is a Experience

Outgoing links

Property Object
is_reported_in Duke Ellington: Music is my Mistress
time the 1920's
agent Duke Ellington
has_evidence_text [Band members] Barney Bigard and Wellman Braud… [were both from New Orleans]… They would talk of Old Days, even before their time, calling names, very colorful names, like Buddy Bolden and King Oliver, and they would have a lot to say about the marching bands and the Second Line... Everything they talked about and played was the purest old jazz, and they were forever making comparisons between the New York cats and the jazz clan of New Orleans. It all sounded so good and so romantic that I was ready to catch the next train. Finally in the middle '30s we went to New Orleans, and it was very much like they had said, so we felt rather at home with the crayfish and gumbo… When Mr. Braud joined us in 1926, he was already a celebrated veteran of New Orleans jazz… He and Freddy Guy were the two Big Daddies. As a bass player, he believed in crowding the microphone, and when you got ready to blow a chorus Mr. Braud would already have established so compelling a beat that you could not miss. Barney Bigard joined us in 1927 when we augmented the band for the first engagement at the Cotton Club. I had heard him for the first time when he was playing for King Oliver in a battle of music with Fletcher Henderson at the Savoy. He is a very original and imaginative clarinet player, and he gave our band another of its distinctive sound identities. Like several of the best clarinet players from New Orleans, he was taught by Lorenzo Tio, Jr. He always played the Albert system, and he had that woody tone which I love on the instrument. He was invaluable for putting the filigree work into an arrangement, and sometimes it could remind you of all that delicate wrought iron you see in his hometown.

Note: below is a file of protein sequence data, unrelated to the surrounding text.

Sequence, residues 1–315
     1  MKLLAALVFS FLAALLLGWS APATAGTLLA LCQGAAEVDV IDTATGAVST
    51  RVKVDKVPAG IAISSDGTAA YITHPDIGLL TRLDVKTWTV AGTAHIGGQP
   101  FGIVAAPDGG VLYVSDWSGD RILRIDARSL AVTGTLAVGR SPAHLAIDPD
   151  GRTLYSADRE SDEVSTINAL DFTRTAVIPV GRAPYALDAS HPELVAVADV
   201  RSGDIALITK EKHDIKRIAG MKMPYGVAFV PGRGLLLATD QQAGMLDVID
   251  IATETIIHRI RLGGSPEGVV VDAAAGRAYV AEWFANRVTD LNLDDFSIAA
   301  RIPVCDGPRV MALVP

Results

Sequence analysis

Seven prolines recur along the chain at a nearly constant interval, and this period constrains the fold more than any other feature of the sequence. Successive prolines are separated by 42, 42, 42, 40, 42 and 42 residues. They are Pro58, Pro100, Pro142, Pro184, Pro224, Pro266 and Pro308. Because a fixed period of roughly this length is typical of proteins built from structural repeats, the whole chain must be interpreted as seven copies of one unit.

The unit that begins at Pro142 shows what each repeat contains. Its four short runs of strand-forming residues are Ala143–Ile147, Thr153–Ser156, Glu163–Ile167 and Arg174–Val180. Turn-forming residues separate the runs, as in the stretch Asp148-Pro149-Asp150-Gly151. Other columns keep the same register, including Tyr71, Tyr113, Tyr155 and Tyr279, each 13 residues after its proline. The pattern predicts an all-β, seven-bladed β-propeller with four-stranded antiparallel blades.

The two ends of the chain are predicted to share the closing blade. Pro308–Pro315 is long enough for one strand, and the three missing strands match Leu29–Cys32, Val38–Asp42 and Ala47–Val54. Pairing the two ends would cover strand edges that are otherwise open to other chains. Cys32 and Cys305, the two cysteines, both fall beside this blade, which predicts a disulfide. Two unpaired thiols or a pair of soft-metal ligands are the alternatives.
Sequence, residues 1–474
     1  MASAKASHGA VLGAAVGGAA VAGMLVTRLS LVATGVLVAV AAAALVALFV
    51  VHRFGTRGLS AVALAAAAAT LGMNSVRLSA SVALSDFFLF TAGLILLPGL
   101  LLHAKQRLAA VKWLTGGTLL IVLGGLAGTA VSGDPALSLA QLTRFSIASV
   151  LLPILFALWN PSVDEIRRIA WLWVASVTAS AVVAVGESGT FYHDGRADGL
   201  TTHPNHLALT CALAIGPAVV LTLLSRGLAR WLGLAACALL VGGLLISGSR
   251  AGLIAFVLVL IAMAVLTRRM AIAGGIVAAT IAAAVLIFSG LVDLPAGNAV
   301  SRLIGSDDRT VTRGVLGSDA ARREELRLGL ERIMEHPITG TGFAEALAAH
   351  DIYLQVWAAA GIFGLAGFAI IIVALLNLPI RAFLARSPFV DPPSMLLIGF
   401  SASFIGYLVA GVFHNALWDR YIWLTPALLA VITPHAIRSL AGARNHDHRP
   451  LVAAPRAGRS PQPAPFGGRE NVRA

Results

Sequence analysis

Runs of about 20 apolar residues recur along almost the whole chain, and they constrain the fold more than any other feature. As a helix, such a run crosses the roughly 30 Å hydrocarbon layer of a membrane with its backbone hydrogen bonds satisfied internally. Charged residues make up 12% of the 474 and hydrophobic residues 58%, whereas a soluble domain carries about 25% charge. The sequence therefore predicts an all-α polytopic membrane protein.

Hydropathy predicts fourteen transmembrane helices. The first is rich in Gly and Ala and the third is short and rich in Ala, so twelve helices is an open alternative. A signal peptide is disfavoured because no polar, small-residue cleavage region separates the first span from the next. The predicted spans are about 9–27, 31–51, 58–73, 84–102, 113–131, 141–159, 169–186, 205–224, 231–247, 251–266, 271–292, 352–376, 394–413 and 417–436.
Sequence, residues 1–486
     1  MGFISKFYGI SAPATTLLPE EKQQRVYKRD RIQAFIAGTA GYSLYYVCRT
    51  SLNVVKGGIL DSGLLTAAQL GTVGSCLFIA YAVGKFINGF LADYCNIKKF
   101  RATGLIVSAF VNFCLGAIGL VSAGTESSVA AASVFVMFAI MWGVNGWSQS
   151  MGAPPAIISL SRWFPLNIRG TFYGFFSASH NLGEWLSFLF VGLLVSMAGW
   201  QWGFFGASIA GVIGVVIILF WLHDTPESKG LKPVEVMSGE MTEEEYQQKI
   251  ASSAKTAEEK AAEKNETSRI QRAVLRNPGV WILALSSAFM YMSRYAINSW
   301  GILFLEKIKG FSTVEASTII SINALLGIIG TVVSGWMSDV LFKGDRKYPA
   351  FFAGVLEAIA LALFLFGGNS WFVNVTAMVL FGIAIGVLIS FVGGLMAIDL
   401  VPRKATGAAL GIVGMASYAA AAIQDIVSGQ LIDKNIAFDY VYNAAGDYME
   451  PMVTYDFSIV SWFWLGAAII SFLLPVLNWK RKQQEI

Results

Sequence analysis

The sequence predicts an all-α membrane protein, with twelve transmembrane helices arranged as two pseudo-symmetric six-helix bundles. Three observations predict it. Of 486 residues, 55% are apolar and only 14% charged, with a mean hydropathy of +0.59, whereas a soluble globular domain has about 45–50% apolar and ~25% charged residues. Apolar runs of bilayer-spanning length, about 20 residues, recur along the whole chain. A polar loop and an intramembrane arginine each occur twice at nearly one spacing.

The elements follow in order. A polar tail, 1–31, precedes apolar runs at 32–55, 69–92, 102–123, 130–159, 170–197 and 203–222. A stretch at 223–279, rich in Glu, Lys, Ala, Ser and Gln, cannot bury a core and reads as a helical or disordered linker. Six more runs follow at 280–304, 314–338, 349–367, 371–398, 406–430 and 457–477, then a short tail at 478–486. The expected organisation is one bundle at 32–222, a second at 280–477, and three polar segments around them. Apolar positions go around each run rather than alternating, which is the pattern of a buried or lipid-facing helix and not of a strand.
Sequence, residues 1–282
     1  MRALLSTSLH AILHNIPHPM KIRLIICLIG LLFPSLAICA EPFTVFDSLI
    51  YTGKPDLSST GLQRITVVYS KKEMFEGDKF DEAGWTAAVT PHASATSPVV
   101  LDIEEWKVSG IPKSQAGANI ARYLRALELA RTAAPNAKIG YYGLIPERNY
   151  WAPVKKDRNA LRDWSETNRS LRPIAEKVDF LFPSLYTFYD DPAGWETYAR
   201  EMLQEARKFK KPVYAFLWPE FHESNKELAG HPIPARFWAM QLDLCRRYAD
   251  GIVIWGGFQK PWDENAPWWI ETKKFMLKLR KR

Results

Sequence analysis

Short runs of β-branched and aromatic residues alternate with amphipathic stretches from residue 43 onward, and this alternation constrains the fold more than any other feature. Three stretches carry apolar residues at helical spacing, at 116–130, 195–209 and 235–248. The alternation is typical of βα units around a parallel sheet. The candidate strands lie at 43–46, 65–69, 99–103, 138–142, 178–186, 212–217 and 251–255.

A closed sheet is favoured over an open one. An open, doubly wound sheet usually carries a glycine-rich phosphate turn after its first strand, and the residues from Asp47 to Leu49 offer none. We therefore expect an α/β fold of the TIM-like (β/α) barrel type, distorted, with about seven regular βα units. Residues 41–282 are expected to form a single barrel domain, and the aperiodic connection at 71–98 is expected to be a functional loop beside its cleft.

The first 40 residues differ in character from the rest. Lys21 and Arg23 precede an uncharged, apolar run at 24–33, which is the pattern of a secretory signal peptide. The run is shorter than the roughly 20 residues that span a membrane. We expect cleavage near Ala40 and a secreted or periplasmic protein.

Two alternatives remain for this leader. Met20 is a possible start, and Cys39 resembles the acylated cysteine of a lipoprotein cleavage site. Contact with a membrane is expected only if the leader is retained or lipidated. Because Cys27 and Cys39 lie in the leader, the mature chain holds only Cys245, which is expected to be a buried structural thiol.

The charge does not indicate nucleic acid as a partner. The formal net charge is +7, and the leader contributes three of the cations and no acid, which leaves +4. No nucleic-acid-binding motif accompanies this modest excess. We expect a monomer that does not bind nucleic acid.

has_medium Medium.Live
initial_graph claims
pages 133-134
Approved 2015-09-01T09:33:37.000Z
Submitted 2015-04-18T16:46:34.000Z
Type Experience